Automatic Weapons Are Already Heavily Regulated and Gun Control Laws Don't Work
Laws aren't the solution you're looking for to crimes like the massacre in Las Vegas.
Stephen Paddock "appears to have used at least one fully automatic rifle" during his murderous rampage in Las Vegas, according to the Wall Street Journal. Let's tentatively accept that for the moment while recognizing, as Nick Gillespie has noted, that early reports in situations like this are often wrong. If true, though, it demonstrates the pointlessness of the predictable calls for tighter gun restrictions issued by the usual suspects. That's because automatic rifles—machine guns—have been tightly regulated at the federal level since 1934, and subjected to further restrictions since then.
The history of federal machine gun regulations is well-covered at the website of the Bureau of Alcohol, Tobacco, Firearms, and Explosives. Regulation began with the National Firearms Act of 1934, which imposed a $200 tax on the manufacture and transfer of "shotguns and rifles having barrels less than 18 inches in length, certain firearms described as 'any other weapons,' machineguns, and firearm mufflers and silencers" at the federal level (states and localities have always been free to impose their own restrictions). According to the ATF, "As the legislative history of the law discloses, its underlying purpose was to curtail, if not prohibit, transactions in NFA firearms."
The law was amended in 1968, and then again, in particular, in 1986. The latter revision was to "prohibit the transfer or possession of machineguns. Exceptions were made for transfers of machineguns to, or possession of machineguns by, government agencies, and those lawfully possessed before the effective date of the prohibition, May 19, 1986."
So for civilians, the only legally available automatic rifles in the United States under federal law come from the fixed pool of such weapons that existed on May 19, 1986. With a limited supply, shrinking at least a bit over time through attrition, prices for legal machine guns have no place to go but up. A glance at Gunbroker.com, an online listing service (with actual transfers handled by licensed dealers), reveals prices starting in four figures and rapidly going to five for individual weapons.
Purchasing and owning any NFA firearm, including automatic rifles/machine guns requires undergoing a background check and entering the weapon in the National Firearm Registration and Transfer Record, which is "the central registry of all NFA firearms in the U.S. which are not in the possession or under the control of the U.S. Government," according to the ATF National Firearms Act Handbook. This handbook is an excellent resource for familiarizing yourself with the federal regulation of automatic rifles/machine guns and other NFA firearms. You might want to put aside some time if you decide to peruse it since, including preface and appendices, the book is 220 pages long.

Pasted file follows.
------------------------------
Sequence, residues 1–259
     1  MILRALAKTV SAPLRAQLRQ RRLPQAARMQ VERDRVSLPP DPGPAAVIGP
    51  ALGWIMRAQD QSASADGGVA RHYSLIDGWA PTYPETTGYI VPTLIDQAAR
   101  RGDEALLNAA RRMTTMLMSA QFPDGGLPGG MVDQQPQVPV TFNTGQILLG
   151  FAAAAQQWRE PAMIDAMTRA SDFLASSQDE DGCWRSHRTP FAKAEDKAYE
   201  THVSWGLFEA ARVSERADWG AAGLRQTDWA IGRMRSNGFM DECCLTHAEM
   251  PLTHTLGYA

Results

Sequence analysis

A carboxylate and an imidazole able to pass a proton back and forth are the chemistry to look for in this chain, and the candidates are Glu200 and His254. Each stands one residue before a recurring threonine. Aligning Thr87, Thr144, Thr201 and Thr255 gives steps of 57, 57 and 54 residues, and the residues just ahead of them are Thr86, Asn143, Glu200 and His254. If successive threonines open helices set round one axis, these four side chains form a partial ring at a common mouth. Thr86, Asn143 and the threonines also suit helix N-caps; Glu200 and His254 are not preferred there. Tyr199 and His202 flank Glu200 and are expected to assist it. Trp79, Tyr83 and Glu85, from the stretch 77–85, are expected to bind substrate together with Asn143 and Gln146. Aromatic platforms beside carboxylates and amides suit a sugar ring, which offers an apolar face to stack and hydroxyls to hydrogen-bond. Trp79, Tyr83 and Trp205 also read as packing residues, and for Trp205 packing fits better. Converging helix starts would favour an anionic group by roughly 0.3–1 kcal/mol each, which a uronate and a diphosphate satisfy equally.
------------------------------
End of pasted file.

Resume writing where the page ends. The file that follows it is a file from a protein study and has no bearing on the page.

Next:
Which is to say, short of outright prohibition, automatic rifles are subject to just about every rule and restriction that has been proposed by opponents of easy civilian possession. If the weapon Paddock used in his rampage was legally acquired and owned, it was done so in accordance with laws intended "to curtail, if not prohibit, transactions" in such firearms in the words of federal regulators themselves.
But what if Paddock's weapons were illegally acquired, or illegally converted to automatic, or were semiautomatic weapons mistakenly identified as machine guns?
Black markets and illegal acts exist everywhere, under every legal regime. I've written at length about the long history, not just in the United States, but around the world, of overwhelming defiance of gun laws. In recent years, Connecticut achieved an underwhelming 15 percent compliance rate when it attempted to require the registration of semiautomatic (not machine guns) "assault weapons," and New York's similar requirement resulted in 5 percent compliance (both addressed here).
That's just registration. To achieve something like the outright prohibition of certain firearms that's been proposed in the wake of the massacre in Las Vegas, perhaps the best assessment comes from Professor James B. Jacobs, Director of the Center for Research in Crime and Justice at New York University. Summing up the prospects for banning handguns in his 2002 book, Can Gun Control Work?, he wrote:
"Prohibiting possession would require disarming the citizenry; whether done quickly or over a long period, it would be a monumental challenge, fraught with danger. Millions of citizens would not surrender their handguns. If black market activity in connection with the drug laws is any indication, a decades-long 'war on handguns' might resemble a low-grade civil war more than a law-enforcement initiative."
Banning private sales of firearms has also been proposed in certain quarters, but without any suggestion of how such a prohibition would be enforced. When I spoke with NYU's Jacobs two years ago, he said that's "probably a good idea," of such a ban, but acknowledged that it would be "very easy to get around" such restrictions.
After Colorado imposed a requirement for universal background checks on private sales, the results were unimpressive. "People are just ignoring this law," Colorado Sen. Greg Brophy (R-Wray) said.
Last word to NYU's Jacobs, from his 2002 book. Pointing to the long-term decline in violent crime—a trend that, despite recent blips, keeps crime rates far below the level of a quarter-century ago—he concluded, "Criminologists and policy makers should not be distracted by unrealistic proposals and slogans for 'gun control,' Rather, they should look to building on other anti-crime strategies and constructive social welfare policies that might be contributing to this unprecedented decrease of violent crime and gun crime."